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Old 2011-08-19, 05:49   Link #1781
MakubeX2
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Japan Earthquake: Ethical Residents Return $78 Million From Rubble

This just make westerners looks even worse in the aftermath of the UK riots.
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Last edited by MakubeX2; 2011-08-19 at 06:18.
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Old 2011-08-19, 09:31   Link #1782
Marcus H.
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Watching the news on NHK World makes you understand more about how truly disciplined the Japanese are. It's actually saddening that it doesn't happen everywhere.

As for Vexx's response on Danny Choo, I bet being Danny Choo is awesome, being able to strut your stuff while in a Stormtrooper suit and isn't afraid of anything. On a serious note, I'm happy that he's willing to show a more happy side to talking about Japanese culture.
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Old 2011-08-19, 09:42   Link #1783
Pink Cow
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Quote:
Originally Posted by Marcus H. View Post
Watching the news on NHK World makes you understand more about how truly disciplined the Japanese are. It's actually saddening that it doesn't happen everywhere.

As for Vexx's response on Danny Choo, I bet being Danny Choo is awesome, being able to strut your stuff while in a Stormtrooper suit and isn't afraid of anything. On a serious note, I'm happy that he's willing to show a more happy side to talking about Japanese culture.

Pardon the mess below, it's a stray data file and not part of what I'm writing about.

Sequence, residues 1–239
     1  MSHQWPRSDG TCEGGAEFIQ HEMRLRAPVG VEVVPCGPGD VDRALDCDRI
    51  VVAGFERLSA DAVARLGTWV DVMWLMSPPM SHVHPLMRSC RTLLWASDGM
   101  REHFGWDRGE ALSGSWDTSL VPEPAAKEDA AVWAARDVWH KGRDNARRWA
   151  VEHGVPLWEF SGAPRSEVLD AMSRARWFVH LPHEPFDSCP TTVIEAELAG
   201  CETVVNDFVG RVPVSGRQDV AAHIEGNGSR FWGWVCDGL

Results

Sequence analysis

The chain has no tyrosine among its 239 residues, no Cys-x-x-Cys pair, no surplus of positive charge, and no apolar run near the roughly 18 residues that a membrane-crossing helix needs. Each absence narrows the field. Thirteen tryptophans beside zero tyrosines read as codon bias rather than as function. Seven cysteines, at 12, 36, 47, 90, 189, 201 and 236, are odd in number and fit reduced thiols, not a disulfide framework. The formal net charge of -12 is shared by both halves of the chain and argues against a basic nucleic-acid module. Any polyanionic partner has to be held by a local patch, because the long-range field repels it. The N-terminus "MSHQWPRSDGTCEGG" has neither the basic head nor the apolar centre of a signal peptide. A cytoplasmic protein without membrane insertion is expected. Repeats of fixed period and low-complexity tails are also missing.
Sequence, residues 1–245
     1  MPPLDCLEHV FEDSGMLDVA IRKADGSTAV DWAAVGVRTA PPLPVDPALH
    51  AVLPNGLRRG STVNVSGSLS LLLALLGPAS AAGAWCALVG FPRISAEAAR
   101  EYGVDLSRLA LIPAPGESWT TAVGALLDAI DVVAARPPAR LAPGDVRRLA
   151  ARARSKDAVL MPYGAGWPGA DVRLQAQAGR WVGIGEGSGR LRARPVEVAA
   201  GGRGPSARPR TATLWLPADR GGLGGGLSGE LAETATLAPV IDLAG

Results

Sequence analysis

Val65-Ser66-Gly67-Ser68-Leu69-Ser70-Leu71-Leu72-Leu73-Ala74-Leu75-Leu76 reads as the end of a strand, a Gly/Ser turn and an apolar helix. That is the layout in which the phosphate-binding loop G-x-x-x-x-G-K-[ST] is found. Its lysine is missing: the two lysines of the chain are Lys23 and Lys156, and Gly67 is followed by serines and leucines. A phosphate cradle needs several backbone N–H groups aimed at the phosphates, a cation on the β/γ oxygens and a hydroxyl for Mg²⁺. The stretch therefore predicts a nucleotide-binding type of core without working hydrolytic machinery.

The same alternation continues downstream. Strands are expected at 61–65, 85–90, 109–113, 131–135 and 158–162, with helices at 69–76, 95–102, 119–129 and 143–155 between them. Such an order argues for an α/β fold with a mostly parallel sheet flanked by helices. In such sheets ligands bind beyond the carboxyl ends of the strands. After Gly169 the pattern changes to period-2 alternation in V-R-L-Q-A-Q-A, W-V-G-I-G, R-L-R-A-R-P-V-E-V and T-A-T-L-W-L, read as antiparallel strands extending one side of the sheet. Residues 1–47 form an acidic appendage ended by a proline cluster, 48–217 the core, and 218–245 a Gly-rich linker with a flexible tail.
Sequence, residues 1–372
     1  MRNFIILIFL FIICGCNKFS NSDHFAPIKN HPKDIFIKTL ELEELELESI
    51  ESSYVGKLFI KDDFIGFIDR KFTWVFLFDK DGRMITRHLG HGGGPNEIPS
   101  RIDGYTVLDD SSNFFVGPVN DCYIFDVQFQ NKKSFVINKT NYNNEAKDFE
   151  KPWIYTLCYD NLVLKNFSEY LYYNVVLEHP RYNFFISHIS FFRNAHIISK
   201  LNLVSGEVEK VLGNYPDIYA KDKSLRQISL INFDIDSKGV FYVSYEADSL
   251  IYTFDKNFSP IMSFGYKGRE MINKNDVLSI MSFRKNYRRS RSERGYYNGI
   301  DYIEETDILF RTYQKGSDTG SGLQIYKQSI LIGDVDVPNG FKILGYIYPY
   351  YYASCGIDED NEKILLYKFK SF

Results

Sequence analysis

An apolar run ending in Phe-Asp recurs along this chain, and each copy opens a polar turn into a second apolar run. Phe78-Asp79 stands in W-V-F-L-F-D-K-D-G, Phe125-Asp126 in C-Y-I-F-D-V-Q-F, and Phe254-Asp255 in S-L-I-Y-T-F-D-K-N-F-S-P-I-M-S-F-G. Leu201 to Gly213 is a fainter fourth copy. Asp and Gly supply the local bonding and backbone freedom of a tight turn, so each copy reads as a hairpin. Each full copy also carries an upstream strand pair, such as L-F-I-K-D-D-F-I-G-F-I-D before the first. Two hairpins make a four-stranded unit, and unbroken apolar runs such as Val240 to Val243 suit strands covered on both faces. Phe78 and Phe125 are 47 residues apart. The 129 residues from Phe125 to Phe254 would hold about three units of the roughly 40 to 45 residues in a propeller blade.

True. I especially saw this discipline after the big earthquake. That's when I started checking out NHK and reading articles about the status of the affected areas. I was amazed with how the Japanese were so disciplined and barely had any complaints. That's when I really started to admire them.

People in my country could learn a thing or two from them. But then again, Filipinos in general are a "happy bunch". I remember when we had this huge flood last year and many people lost their homes and had to be rescued. It was really amusing that despite the losses the people had, as long as there was a camera in front of them, they would smile and wave even though they were still stuck on the roofs of their houses. O_o But I'm already going of topic. Lol.


Quote:
Originally Posted by MakubeX2 View Post
Japan Earthquake: Ethical Residents Return $78 Million From Rubble

This just make westerners looks even worse in the aftermath of the UK riots.
WOAH. Now that is really something. I don't know any other country with people who'd actually do this.
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Old 2011-08-19, 09:45   Link #1784
DonQuigleone
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Originally Posted by Vexx View Post